Kitayama and colleagues showed that in Hokkaido, people’s behavior consistently looked much more individ- ualistic than is typical for Japanese. In Hokkaido, unlike in classic work among Japanese, both disengaging positive emotions (such as pride) and social-harmony-promoting emotions (such as friendly feelings) were associated with happiness. Typically, only socially engaging positive emo- tions predict happiness among Japanese. Second, Hokkaido residents showed spreading alternatives effects (like those documented in Snibbe and Markus’s, 2005, work) when making private choices, like Americans typically do. This effect did not occur when the Hokkaido Japanese were made to feel that they were making a public choice, be- cause the choice was then perceived as constrained. The participants were made to feel that their choice was public in a subtle manipulation in which they were or were not made to choose in front of a poster that contained sche- matic drawings of eyes. Again, this is a pattern of results more typically seen among Americans, not Japanese. In terms of attribution, Hokkaido residents showed the indi- vidualistic pattern of considering internal (dispositional) factors to be more important than external (situational) factors in causing behavior.

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Regional differences within countries can show con- sistent patterns across countries. Small towns in Australia may look a bit like small towns in Japan. Kashima et al. (2004) examined regional differences in the self in Japan in Tokyo (a large metropolitan city) and Kagoshima (a re- gional city) as well as in Australia in Melbourne (a large metropolitan city) and Wodonga (a regional city). The aspects of the self that were of interest were agency (as- sessed with items such as “I act more on the basis of my own judgment than on other people’s decision”), assertive- ness (e.g., “I assert my opposition when I disagree strongly with other people”), the relational self (e.g., “I feel like doing something for people in trouble because I can almost feel their pains”), and the collective self (e.g., “I would act as a member of my group rather than alone as an individ- ual”). The authors found that Australians had a more indi- vidualistic self, scoring higher on agency and assertiveness, than the Japanese. Women were more relational. However, in both countries, metropolitan residents were less collec- tive than their regional counterparts.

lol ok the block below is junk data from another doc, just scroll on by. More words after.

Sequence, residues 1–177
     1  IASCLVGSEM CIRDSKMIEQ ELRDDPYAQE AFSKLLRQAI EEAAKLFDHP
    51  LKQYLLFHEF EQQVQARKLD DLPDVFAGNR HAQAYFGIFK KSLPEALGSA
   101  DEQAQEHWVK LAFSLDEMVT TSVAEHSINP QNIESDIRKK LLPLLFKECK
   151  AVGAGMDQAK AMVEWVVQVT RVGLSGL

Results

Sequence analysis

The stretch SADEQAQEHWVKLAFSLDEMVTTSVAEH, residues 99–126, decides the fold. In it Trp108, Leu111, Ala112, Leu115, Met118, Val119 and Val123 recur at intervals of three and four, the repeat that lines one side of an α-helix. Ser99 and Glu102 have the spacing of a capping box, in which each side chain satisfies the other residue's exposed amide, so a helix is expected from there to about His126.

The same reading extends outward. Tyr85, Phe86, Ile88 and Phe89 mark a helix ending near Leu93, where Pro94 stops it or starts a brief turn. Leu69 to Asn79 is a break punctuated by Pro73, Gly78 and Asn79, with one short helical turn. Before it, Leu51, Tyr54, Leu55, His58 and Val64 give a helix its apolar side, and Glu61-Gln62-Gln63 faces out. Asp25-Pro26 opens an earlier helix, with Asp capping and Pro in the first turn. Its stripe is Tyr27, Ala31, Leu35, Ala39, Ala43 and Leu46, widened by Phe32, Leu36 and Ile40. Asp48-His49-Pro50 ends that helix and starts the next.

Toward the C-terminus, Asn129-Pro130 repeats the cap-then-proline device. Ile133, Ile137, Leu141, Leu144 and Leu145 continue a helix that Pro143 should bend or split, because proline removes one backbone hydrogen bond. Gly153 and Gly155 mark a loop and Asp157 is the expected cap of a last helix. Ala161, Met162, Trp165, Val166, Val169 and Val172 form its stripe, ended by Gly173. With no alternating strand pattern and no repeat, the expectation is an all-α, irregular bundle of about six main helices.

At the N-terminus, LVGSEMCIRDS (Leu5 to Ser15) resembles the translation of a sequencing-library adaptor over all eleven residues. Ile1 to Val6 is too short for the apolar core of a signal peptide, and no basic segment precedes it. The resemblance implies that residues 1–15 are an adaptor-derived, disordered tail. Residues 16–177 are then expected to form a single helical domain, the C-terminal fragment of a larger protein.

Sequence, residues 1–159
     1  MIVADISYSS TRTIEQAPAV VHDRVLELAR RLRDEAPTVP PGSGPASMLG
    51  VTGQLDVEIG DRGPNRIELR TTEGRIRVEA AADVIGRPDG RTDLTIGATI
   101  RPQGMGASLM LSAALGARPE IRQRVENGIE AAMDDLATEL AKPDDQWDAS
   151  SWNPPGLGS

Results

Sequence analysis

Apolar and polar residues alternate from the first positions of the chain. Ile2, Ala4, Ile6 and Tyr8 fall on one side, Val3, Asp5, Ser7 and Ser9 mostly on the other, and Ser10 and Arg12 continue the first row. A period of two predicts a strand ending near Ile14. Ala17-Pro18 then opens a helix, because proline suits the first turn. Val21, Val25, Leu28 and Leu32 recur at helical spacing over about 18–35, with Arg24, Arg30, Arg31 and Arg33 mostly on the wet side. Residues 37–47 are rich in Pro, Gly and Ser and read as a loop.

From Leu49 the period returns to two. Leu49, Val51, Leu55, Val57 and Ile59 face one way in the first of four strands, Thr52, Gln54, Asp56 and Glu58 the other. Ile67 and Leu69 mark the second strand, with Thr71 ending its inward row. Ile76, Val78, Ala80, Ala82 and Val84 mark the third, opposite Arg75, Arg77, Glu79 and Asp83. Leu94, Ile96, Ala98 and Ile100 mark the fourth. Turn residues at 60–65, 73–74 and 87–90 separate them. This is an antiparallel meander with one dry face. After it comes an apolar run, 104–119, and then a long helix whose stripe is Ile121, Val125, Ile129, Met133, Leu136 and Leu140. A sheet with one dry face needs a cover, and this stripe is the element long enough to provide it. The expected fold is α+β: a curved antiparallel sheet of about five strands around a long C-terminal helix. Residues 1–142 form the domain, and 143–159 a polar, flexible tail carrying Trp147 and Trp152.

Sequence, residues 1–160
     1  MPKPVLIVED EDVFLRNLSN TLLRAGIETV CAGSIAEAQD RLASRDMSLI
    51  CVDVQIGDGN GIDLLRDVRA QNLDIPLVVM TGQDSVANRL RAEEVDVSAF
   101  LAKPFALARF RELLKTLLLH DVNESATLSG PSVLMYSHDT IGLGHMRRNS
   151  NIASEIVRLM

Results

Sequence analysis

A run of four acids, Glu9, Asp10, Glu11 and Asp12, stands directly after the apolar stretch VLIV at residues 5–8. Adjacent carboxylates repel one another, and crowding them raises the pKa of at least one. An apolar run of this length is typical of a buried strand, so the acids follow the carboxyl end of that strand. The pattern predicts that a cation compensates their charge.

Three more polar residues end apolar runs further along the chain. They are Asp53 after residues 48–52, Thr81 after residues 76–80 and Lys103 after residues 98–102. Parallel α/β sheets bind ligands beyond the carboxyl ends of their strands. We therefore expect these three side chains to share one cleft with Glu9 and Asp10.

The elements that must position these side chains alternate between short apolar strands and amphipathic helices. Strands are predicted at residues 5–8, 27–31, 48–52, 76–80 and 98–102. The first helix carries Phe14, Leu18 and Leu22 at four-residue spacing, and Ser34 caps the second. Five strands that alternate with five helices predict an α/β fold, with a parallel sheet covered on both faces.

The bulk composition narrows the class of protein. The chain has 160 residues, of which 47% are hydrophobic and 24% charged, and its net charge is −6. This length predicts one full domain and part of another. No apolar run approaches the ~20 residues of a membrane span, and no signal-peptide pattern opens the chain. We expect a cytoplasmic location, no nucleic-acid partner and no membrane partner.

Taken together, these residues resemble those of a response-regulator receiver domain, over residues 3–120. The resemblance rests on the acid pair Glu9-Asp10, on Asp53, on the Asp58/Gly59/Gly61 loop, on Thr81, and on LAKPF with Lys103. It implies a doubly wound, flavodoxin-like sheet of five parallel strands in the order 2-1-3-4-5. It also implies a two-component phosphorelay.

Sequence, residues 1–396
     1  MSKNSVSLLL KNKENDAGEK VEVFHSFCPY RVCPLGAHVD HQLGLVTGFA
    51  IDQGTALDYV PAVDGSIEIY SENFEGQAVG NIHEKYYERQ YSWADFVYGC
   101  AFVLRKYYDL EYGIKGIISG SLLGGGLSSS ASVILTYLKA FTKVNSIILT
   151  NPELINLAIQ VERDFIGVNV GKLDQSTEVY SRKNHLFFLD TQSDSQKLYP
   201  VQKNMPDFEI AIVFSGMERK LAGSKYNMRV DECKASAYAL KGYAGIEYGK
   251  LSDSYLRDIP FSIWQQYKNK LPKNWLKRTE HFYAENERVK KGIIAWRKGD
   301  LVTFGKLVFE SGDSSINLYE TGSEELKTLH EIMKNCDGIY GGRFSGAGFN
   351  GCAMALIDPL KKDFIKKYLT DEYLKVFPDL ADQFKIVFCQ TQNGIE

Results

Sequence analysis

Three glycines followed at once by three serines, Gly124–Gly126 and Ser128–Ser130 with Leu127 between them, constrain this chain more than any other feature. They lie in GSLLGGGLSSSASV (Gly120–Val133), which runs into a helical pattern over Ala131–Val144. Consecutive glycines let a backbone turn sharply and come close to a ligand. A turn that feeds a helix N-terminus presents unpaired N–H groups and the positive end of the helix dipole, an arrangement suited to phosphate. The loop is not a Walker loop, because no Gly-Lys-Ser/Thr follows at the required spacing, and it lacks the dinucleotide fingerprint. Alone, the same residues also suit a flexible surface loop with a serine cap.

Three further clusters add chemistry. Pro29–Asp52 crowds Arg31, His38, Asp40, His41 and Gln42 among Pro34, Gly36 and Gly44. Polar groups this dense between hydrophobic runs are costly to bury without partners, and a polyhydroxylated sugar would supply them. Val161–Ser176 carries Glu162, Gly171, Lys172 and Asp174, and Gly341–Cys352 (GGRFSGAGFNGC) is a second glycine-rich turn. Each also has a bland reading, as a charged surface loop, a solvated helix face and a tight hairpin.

In a study that points to another form of interesting variation among people of differing socioeconomic status, Haidt, Koller, and Dias (1993) examined moral judgments of higher and lower socioeconomic status adults and chil- dren in three cities in the United States and in Brazil. These investigators were particularly interested in actions that were highly disgusting or disrespectful but were not harm- ful to others—such as a person having sex with a dead chicken before cooking it for dinner, a son breaking a promise he had made to his dying mother, and a brother and sister passionately kissing each other. (Of course, child participants were not presented with the more provocative scenarios.) Both country and socioeconomic status differ- ences were found. Brazilians found the actions more im- moral than Americans, and in both countries, those of low socioeconomic status were more likely to judge the of- fenses to be immoral rather than a personal choice or a violation of a social convention. Socioeconomic-status- based differences were in fact bigger than the country differences.

Implications and Recommendations Having pointed to some of the important ways in which an expanded array of cultures and cultural differences oper- ates, I now discuss several ways in which this expanded array has broad implications for psychologists’ thinking about culture—for how we define culture, for discussions on specificity and universality, for understanding multicul- turalism, for how we do research on culture, and for the types of variation we explore.

Defining Culture

I mentioned above that there are many definitions of culture and alluded to the difficulty of arriving at a single definition of culture. Here I claim that the way an investigator defines culture probably depends on what form of culture, and what domain within that culture, is of interest and that by studying more kinds of culture, psychologists can under-

stand this issue better. As one example, some definitions of culture focus on meaning, whereas others focus on infor- mation. Geertz (1973) believed that culture is an interpre- tive search for meaning. Similarly, D’Andrade (1984, p. 116), saw culture as consisting of “learned systems of meaning,” and Shweder and Haidt (2000, p. 398) stated that “‘culture’ thus consists of meanings, conceptions, and interpretive schemes.” But other definitions of culture fo- cus on information or knowledge. For Boyd and Richerson (1985), “culture is information capable of affecting indi- viduals’ phenotypes which they acquire from other conspe- cifics by teaching or imitation” (p. 33), and Lumsden (1989, p. 15) defined culture as “a system of socially learnable knowledge shared among members of a society.”